How to Help a Friend with Depression
1. DO become concerned when your typically outgoing friend doesn’t text or call and you realize you haven’t heard from him/her in an unusually long period of time.
2. DON’T take it personally that you have not heard from him/her as it has nothing to do with you or anything youmay have said or did.
3. DO connect with them and ask directly if indeed you have not heard from them because they are feeling down, expressing sincere concern and compassion.
4. DON’T intentionally or unintentionally impart guilt that they have been unavailable to you, this may contribute to the guilt and low self-esteem they may already be battling.
5. DO realize that if they are able to talk to you about being depressed that it likely requires much courage and effort on their part. Also, the word “depressed” you use is not the same one that they are describing; in fact, it may help to ask them to explain to you what depression feels
like to them. Validate how hard that must be.
6. DON’T make over simplified solutions for feeling better. Getting better is a recipe that requires many “ingredients” working together in harmony. Saying things like, “going to that party will cheer you up” or “if you would just exercise you would have more energy”, may actually be discouraging. Trust me, if it were that simple they wouldn’t be depressed.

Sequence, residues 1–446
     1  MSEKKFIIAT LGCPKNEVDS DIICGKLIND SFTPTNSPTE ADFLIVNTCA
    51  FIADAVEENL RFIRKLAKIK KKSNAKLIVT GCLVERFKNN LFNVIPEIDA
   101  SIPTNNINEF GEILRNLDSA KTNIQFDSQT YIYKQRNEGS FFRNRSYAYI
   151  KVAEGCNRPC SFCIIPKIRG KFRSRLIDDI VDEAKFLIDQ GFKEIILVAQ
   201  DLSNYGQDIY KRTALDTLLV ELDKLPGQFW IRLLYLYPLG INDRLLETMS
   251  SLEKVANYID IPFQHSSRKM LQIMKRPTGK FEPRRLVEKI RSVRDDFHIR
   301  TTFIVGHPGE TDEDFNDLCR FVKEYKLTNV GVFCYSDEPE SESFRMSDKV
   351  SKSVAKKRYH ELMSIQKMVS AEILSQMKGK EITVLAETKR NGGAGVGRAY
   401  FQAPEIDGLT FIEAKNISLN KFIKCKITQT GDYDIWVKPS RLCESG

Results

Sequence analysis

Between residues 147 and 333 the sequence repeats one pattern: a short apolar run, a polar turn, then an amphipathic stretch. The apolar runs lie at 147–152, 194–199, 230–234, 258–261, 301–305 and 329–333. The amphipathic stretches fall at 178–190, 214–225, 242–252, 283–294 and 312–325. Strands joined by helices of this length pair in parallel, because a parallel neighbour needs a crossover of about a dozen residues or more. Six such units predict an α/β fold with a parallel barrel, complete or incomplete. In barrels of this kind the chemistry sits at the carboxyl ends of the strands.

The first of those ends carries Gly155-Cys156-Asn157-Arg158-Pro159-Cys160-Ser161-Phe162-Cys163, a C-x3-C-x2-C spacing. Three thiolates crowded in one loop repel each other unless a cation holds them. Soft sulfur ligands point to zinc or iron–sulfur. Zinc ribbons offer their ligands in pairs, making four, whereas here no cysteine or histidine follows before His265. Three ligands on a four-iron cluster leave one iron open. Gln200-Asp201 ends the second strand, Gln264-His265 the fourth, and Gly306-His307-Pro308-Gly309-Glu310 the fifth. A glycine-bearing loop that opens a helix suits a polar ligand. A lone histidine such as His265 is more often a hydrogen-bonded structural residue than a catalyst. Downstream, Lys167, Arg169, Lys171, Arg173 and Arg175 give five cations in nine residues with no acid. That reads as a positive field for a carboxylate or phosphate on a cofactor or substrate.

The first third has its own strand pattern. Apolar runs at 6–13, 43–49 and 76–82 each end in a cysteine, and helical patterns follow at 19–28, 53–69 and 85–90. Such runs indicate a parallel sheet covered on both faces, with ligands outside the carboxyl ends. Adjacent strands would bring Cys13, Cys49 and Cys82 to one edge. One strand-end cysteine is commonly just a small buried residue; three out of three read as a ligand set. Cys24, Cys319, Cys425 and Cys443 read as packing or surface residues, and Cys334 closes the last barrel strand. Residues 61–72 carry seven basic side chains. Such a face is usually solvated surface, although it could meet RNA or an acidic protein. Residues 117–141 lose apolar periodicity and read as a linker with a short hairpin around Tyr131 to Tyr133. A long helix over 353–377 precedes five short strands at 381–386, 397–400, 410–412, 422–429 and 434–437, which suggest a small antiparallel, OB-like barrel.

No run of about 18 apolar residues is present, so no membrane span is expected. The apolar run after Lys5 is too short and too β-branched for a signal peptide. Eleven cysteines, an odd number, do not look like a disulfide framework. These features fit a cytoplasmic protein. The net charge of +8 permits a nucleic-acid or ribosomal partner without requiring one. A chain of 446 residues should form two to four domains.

7. DO simply listen when they share.
8. DON’T forget that their mind isn’t working quite like it usually does, so their perceptions may be skewed and they may be more sensitive than usual. Try to exercise patience.
9. DO continue to reach out to them and let them know that they are important to you even if they are giving you indications that they want to be left alone. Their isolating behavior is the depression talking.
10. DON’T forget that even if they look like they are doing fine they may be feeling pretty bad. They become good at making us think that they are fine because that’s how they want to feel.
11. DO know that all of the efforts you make to support your loved ones when they are suffering are extremely meaningful to them and don’t go unrecognized.
This list of do’s and don’ts was written by Sally McQuillen – mother, social worker and Erika’s Lighthouse Executive Council Member
For more information about teenage depression, visit Erika’s Lighthouse.